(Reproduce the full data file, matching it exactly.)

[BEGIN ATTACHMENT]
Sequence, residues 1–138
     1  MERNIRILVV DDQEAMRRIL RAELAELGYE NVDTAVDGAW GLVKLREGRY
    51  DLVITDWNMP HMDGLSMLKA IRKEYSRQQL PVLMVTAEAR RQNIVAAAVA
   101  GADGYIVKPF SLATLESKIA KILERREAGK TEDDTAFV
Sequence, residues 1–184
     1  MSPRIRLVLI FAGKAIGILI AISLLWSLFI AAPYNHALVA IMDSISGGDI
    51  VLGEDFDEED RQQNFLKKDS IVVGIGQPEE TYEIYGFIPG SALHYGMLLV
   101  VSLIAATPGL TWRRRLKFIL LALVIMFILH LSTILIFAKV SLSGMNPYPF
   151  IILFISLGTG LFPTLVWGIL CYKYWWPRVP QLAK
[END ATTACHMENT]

Sequence, residues 1–138
     1  MERNIRILVV DDQEAMRRIL RAELAELGYE NVDTAVDGAW GLVKLREGRY
    51  DLVITDWNMP HMDGLSMLKA IRKEYSRQQL PVLMVTAEAR RQNIVAAAVA
   101  GADGYIVKPF SLATLESKIA KILERREAGK TEDDTAFV
Sequence, residues 1–184
     1  MSPRIRLVLI FAGKAIGILI AISLLWSLFI AAPYNHALVA IMDSISGGDI
    51  VLGEDFDEED RQQNFLKKDS IVVGIGQPEE TYEIYGFIPG SALHYGMLLV
   101  VSLIAATPGL TWRRRLKFIL LALVIMFILH LSTILIFAKV SLSGMNPYPF
   151  IILFISLGTG LFPTLVWGIL CYKYWWPRVP QLAK